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Project Information

I can finally sleep in my new bed!! This full-size platform bed is oak with poplar drawers and plywood platform parts dadoed and pocket-hole screwed together. The drawer configuration is the same on both sides of the bed, but the left-side drawers are ¾ extension and the right side are full extension.

This has been another of those projects that has been a long time in the making. However, it took no where nearly as long as the project that inspired it.



This bedroom is about the size of today's homes' small walk-in closets. Originally there was only a small wardrobe cabinet for a closet. The built-in armoire required moving the door and electrical to install it.

After that project, I decided more storage was desirable and determined that a platform bed with drawers would be the best use of space.





It was a two-steps-forward, three-steps-back project almost from the start. After completing the parts to the platform base, I dovetailed the drawer boxes. I chose some inset brass hardware for the drawer fronts so I wouldn't bump my legs on the handles.



I ran into my first delay when I began to plane the oak for the foot- and headboard. Since our oaks are dying faster than we can burn them for heat, we have always milled dead oak so I'm used to lots of worm holes. However, a few years ago a major wind storm leveled a large number of our living trees so we had the best ones milled into lumber. I was delighted to see how nice the lumber was compared with the dead trees we had previously milled and wasn't expecting this:



All the boards that had bark remaining on them were infested with live worms. YUCK! I didn't want my planer all gummed up with worm innards so I stopped planing and dug them all out.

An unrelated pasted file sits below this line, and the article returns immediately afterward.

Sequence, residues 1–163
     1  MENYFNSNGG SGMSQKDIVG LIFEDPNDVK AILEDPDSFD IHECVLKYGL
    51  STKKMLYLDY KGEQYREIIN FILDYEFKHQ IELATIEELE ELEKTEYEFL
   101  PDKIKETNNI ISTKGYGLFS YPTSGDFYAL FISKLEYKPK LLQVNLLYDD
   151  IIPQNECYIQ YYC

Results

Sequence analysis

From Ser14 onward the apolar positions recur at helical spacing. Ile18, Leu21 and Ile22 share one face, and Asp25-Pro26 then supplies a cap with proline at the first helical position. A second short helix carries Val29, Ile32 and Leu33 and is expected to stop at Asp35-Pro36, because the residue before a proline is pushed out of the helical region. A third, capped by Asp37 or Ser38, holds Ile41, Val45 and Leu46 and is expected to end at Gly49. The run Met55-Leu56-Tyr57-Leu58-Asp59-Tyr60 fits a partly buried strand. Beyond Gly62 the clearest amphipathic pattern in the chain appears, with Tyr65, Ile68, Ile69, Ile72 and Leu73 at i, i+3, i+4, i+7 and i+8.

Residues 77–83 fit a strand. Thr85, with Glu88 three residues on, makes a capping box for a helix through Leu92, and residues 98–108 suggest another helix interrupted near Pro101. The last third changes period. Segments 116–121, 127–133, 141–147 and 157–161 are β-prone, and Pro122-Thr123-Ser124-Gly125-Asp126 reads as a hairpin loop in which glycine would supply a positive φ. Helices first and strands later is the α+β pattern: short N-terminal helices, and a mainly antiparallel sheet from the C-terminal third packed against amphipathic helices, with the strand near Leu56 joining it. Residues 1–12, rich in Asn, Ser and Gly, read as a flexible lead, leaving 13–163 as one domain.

When I resumed planing, my planer blew a bearing and I ended up having a major project trying to replace it. I was pretty proud of myself for figuring out (with a lot of your help) how to replace them, even though it took me a long time to accomplish.

I was able to complete the foot- and headboard before my next delay. I made jigs to hold the curved rails so I wouldn't route my fingers off.







As I continued on, I realized that the ¼" router bit was too small and the ½" bit was too large for the fluting on the bedposts, so I ordered a 3/8" bit. While I was waiting for it to arrive, I decided to make a few adjustable trivets for a wedding shower gift.







While drum sanding the pieces to the correct thickness, I placed my sanding conveyor under too much load and it quit. Meantime, I attempted to sand a small, thin piece for another project on my stationary belt sander. It slipped under the fence and . . . ouch!



After more help from all of you and a local motor repair place, I was finally able to locate the part needed for my husband to repair my thickness sander, and my finger was healing nicely, too.



I was almost done with all the parts to the bed when my mother was diagnosed with cancer. I dropped the project to meet with doctors along with my parents to determine her treatment. After her surgery, I stayed with my parents until they felt they could handle things alone. (They kicked me out just a week after the surgery.) Mom is doing fantastic; the cancer had not spread; and the doctor feels there is only a 10% chance of the cancer returning.

I had taken the bedposts with me while I stayed with my folks so I could sand, stain, and varnish them but because I returned so soon, I hadn't even unpacked them from my car. Once they were finished, I started the assembly and that seemed like a forever job. Not having enough room to assemble it in the shop, I had never put any of the pieces together before I was done with all of them so I was praying for them to fit together right.

A few tasks were left until the end so the connecting hardware would align correctly with the height of the various parts.



My husband and I determined that I would have to remove the old bed and assemble the new one in place. I must have been hallucinating when I thought I would be able to get it together in a day and sleep on it that night. It took me over a week . . . even though, oddly enough, everything actually fit as planned. My husband's turning skills completed the final touch - the finials for the bedposts.

[Did I mention: I'm not good at what I do, but at least I'm slow!]

If you actually made it all the way to the end of this, thanks for reading . . . and thanks for taking a look.

L/W

Gallery

Comments

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VERY NICE!